I will be seeing parts of it live, the rest recorded. I’ll bring my waving Queen in here so she can watch her counterpart.

      I do wish I was in England for this.

  2. Hedley Says:

    WOW ! The Today Show is in Epsom. what coverage what excitement. Looks a bit cold on the Downs πŸ™‚

    • Hedley Says:

      From today’s Wall Street Journal “Reasons for Americans to Hail the Queen”
      A very considered piece of analysis from the Review section of today’s WSJ


      hope that it posts ok, otherwise it is well worth seeking out

      • Kat Says:

        Love this line: “Muskrat Love,” a court official confided to a table of Brits that “H.M. didn’t much like the song about copulating rodents.”

        The post was excellent.

      • Bob Says:

        That’s a nice article, however we must remember that the WSJ is owned by News Corps. Rupert Murdoch, the owner, is a conservative ideologue who would love to have this country ruled by a monarchy that would provide for the welfare of only the wealthy and the well healed and rely on trickle down economics for everyone else. Monarchs and banana republics go hand in hand.

        I wish the queen a long life, a long reign and no real power. If the Brits want to spend their tax dollars on this fantasy, that’s fine with me.

    • Kat Says:

      You seem to be able to find the coverage! I should sit here channel surfing just in case!!

      • Hedley Says:

        Kat, strangely I actually saw America do Muskrat Love in concert..ok they were early on the bill at the Concert for Bangledesh at the Oval and I was there for Rod and The Faces, followed by The Who.
        I thought it a very considered and worthwhile piece on HRH during these special celebrations
        Camelot won the Derby and I am taking a brief break from the festivities to watch England and Belgium from Wembley stadium. It’s the last friendly before they head for the Euros and a date with our friend Christer.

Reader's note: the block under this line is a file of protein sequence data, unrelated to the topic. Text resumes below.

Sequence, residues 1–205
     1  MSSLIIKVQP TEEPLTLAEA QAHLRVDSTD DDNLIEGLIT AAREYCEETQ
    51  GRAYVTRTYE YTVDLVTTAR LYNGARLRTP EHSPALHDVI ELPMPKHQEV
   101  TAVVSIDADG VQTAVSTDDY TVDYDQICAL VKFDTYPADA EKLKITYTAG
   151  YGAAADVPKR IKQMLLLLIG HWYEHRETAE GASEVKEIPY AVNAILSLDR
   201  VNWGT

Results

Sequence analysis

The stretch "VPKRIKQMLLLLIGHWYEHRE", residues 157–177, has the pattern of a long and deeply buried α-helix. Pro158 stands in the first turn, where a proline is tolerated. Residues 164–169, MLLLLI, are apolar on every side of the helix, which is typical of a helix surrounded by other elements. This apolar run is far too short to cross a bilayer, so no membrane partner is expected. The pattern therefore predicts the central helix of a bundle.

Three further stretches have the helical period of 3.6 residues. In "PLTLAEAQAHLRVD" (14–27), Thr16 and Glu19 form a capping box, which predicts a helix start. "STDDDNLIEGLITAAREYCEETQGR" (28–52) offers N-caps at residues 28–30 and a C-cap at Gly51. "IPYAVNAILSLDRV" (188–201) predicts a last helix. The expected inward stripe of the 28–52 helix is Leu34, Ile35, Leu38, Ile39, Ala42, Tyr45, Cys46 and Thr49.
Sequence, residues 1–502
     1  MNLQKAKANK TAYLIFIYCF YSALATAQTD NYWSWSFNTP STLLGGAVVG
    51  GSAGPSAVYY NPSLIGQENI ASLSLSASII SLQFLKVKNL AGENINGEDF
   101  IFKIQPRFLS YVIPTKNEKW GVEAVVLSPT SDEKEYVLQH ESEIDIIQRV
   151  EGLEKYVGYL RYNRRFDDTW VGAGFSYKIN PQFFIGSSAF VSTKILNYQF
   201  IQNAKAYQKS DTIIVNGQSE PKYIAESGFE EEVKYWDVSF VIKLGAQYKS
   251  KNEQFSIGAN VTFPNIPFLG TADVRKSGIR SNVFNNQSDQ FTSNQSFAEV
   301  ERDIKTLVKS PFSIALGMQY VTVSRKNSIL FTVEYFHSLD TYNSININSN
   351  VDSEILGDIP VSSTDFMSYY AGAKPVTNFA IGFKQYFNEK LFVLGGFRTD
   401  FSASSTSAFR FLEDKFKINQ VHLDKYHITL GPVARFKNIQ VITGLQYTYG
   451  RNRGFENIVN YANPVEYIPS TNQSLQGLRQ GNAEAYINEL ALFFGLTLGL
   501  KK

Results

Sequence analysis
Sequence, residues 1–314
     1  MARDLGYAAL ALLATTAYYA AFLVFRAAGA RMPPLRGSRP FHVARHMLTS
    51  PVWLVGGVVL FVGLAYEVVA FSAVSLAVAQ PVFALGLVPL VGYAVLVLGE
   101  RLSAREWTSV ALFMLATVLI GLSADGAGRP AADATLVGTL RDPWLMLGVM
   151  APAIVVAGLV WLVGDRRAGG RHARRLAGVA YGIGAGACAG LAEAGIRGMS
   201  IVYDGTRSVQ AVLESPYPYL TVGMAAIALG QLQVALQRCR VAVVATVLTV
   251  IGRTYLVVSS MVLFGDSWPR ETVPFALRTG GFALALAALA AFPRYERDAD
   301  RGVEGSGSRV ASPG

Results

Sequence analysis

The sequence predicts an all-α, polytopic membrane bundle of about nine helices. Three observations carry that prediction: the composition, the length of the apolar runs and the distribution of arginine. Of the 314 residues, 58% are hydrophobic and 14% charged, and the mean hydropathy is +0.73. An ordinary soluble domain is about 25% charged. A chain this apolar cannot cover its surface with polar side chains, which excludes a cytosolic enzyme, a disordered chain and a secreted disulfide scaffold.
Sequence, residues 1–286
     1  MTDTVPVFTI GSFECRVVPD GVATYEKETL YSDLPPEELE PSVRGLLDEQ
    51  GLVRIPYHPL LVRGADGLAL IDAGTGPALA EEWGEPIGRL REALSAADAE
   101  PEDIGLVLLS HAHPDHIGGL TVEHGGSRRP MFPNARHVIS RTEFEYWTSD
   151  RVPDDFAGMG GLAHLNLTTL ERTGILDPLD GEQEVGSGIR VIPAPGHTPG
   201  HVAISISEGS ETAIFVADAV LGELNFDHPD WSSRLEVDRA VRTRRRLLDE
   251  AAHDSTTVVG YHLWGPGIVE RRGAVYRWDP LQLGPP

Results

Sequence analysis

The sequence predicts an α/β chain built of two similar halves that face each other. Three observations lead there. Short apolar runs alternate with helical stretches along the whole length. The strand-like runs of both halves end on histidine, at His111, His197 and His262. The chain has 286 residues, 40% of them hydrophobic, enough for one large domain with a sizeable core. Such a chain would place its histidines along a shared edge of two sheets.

3. Bill S. Says:

    In reply to your previous post: Michelle was in bed under a ceiling fan? Where was this?? Not in our house in Bolga.

    I can remember taking several showers a day, especially during the dry season. It sort of cooled us off for a few minutes. When we lived in Tafo we had bucket baths, and since I had to haul the water from down the road, those were limited.

    Greetings to Michelle from us–I hope she remembers us. Enjoy your curry meal.

    • Kat Says:

      It was at the Hotel d’Bull, and you hadn’t moved to Bolga yet. It was when we had gone back home as I also missed her.

      I’ll give her your best!

      I toobelieved that I was cooled by the many showers I took during the dry season-especially the cold ones. It was like running over the sprinkler!

      • Bill S. Says:

        Bob’s reply about hot going in and hot coming out reminds me of the story of Ananse and the Red Anus. Everytime Peg and I eat especially hot foods (which is quite often), we both remark that we will be Ananse the next day.

  4. Bob Says:

    One of the few things I don’t eat is curry. I don’t like the flavor, nor the heat since I was raised by a woman who thought that paprika was an exotic spice. Whenever I visit Toronto one of my coworkers is always trying to get me to join him for lunch in one of the numerous south asian restaurants that serve the vast immigrant population around the Pearson International Airport. On a couple of occasions I have tried the mild version of curry and it’s just not my dish. One of the neighborhoods bordering the airport is affectionately called Brampton-stan by one of our instructors.